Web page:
Iran reports first MERS cases weeks before Ramadan

May 28, 2014

Iran has recorded its first two cases of the deadly MERS virus, both among patients who had been in hospital with a pilgrim returning from Saudi Arabia, reports said Wednesday.

The two infected women are sisters and one is in a critical condition, transmissible diseases unit chief Mohammad Mehdi Gooya told the Fars news agency.

Both are receiving specialist treatment in the hospital in the southern province of Kerman where they are believed to have been infected.

There was no immediate word on whether the returning pilgrim who was the suspected carrier had tested positive for the coronavirus that causes Middle East Respiratory Syndrome.

The vast majority of MERS cases worldwide since the virus's discovery two years ago have been in Saudi Arabia.

Nearly all cases recorded elsewhere have been among people who had recently travelled to the kingdom or one of its Gulf Arab neighbours, or had been in contact with someone who had.

Iran's first reported cases come just a month before the Muslim holy fasting month of Ramadan when pilgrim numbers are expected to rise sharply.

Nearly 900,000 Iranians make the pilgrimage to the Muslim holy places in Saudi Arabia each year, most of them during the annual hajj, which this year falls in October.

Gooya said Iranian authorities would test all returning pilgrims and that anybody displaying potential symptoms would be kept under quarantine for two weeks.

MERS is considered a deadlier but less transmissible cousin of the SARS virus, or severe acute respiratory syndrome, that appeared in Asia in 2003 and killed hundreds of people, mainly in China.

Like SARS, it appears to cause a lung infection, with patients suffering coughing, breathing difficulties and a temperature. But MERS differs in that it also causes rapid kidney failure.

Studies have confirmed that the likely source of the disease is among Saudi Arabia's huge camel herd.

But a cluster of cases among medical staff and hospital patients in the kingdom in recent months have shown that the virus can be transmitted from person to person unless strict precautions are taken.

The World Health Organisation has urged medical authorities across the globe to step up measures to prevent infection.

Explore further: Three new MERS deaths in Saudi Arabia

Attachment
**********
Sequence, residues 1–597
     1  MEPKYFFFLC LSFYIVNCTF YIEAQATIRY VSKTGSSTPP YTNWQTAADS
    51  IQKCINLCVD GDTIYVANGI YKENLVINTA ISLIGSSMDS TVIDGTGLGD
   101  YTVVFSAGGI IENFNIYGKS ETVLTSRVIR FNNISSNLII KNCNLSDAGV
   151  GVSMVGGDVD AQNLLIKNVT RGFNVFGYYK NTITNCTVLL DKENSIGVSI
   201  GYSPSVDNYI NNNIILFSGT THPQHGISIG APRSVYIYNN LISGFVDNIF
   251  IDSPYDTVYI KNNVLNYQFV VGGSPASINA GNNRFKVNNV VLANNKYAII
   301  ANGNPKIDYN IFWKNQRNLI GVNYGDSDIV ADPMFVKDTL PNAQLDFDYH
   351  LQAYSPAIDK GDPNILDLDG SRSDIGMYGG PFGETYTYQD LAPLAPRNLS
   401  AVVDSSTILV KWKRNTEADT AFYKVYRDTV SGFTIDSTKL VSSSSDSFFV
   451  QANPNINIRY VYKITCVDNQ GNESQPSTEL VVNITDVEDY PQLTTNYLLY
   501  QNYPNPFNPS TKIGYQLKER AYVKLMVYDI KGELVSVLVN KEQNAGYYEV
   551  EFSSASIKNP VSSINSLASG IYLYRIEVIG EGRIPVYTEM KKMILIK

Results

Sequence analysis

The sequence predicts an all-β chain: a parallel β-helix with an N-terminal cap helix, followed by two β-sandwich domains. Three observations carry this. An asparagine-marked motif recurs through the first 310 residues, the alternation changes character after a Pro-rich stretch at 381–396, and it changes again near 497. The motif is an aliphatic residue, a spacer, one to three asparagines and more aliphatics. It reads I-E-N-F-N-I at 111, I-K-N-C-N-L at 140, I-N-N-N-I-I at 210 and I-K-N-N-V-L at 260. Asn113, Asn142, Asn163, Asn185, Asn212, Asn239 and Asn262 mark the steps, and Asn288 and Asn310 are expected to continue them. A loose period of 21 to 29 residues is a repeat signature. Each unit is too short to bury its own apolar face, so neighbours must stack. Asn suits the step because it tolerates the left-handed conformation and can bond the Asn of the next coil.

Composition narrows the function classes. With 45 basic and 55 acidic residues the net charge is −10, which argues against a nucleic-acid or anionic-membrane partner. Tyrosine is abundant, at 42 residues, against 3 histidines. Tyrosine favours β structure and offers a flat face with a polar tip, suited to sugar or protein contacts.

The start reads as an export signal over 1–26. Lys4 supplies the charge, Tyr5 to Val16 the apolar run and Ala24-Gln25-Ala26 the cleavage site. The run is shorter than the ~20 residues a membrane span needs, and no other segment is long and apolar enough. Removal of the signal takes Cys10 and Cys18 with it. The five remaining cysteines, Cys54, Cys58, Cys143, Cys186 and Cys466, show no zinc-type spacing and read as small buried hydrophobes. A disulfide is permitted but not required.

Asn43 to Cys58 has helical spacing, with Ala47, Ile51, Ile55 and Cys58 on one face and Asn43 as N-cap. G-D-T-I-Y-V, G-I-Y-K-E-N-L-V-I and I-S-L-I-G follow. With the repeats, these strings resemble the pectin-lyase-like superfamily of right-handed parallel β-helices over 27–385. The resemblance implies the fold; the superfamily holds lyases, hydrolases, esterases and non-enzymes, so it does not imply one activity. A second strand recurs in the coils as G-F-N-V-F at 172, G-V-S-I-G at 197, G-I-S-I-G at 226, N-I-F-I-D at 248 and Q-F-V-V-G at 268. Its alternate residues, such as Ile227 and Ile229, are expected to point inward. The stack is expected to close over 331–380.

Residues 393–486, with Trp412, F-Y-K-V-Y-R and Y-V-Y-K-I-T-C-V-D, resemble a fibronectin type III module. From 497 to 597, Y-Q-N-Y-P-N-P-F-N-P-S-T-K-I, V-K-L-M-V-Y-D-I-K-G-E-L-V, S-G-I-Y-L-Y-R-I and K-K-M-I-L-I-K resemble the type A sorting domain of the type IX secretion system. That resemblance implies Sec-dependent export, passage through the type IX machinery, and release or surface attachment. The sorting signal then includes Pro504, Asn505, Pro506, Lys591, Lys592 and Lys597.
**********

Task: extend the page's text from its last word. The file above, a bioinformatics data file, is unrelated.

Related Stories

Three new MERS deaths in Saudi Arabia

May 11, 2014
Three more people have died from the MERS coronavirus in Saudi Arabia, the health ministry said Sunday, taking the number of fatalities from the disease in the kingdom to 142.

Jordan reports new MERS death

May 12, 2014
A man has died in Jordan after being infected with the MERS virus, the government said Monday, on the eve of a World Health Organisation emergency meeting on the disease.

Saudi MERS death toll rises to 126

May 9, 2014
Saudi Arabia's death toll from MERS has risen by five to 126 fatalities since the mystery respiratory virus first appeared in the kingdom in 2012, the health ministry said Friday.

Saudis announce two new MERS deaths

May 20, 2014
Saudi Arabia on Tuesday reported two new deaths from the MERS coronavirus, taking to 175 the overall number of fatalities from the respiratory disease in the world's worst-hit country.

Saudi announces new MERS death

May 19, 2014
Saudi health authorities reported Monday a new death from the MERS coronavirus, taking to 169 the overall number of fatalities from the disease in the world's worst-hit country.

New deaths take Saudi MERS toll to 160

May 15, 2014
Health authorities in Saudi Arabia on Thursday announced the deaths of another three people from the MERS respiratory virus, taking the country's toll to 160.

Recommended for you

New study offers insights on genetic indicators of COPD risk

January 16, 2018
Researchers have discovered that genetic variations in the anatomy of the lungs could serve as indicators to help identify people who have low, but stable, lung function early in life, and those who are particularly at risk ...

Previous influenza virus exposures enhance susceptibility in another influenza pandemic

January 16, 2018
While past exposure to influenza A viruses often builds immunity to similar, and sometimes different, strains of the virus, Canadian researchers are calling for more attention to exceptions to that rule.

Don't hold your nose and close your mouth when you sneeze, doctors warn

January 15, 2018
Pinching your nose while clamping your mouth shut to contain a forceful sneeze isn't a good idea, warn doctors in the journal BMJ Case Reports.

New antifungal provides hope in fight against superbugs

January 12, 2018
Microscopic yeast have been wreaking havoc in hospitals around the world—creeping into catheters, ventilator tubes, and IV lines—and causing deadly invasive infection. One culprit species, Candida auris, is resistant ...

Dengue takes low and slow approach to replication

January 11, 2018
A new study reveals how dengue virus manages to reproduce itself in an infected person without triggering the body's normal defenses. Duke researchers report that dengue pulls off this hoax by co-opting a specialized structure ...

Different strains of same bacteria trigger widely varying immune responses

January 11, 2018
Genetic differences between different strains of the same pathogenic bacterial species appear to result in widely varying immune system responses, according to new research published in PLOS Pathogens.

0 comments

Please sign in to add a comment. Registration is free, and takes less than a minute. Read more

Click here to reset your password.
Sign in to get notified via email when new comments are made.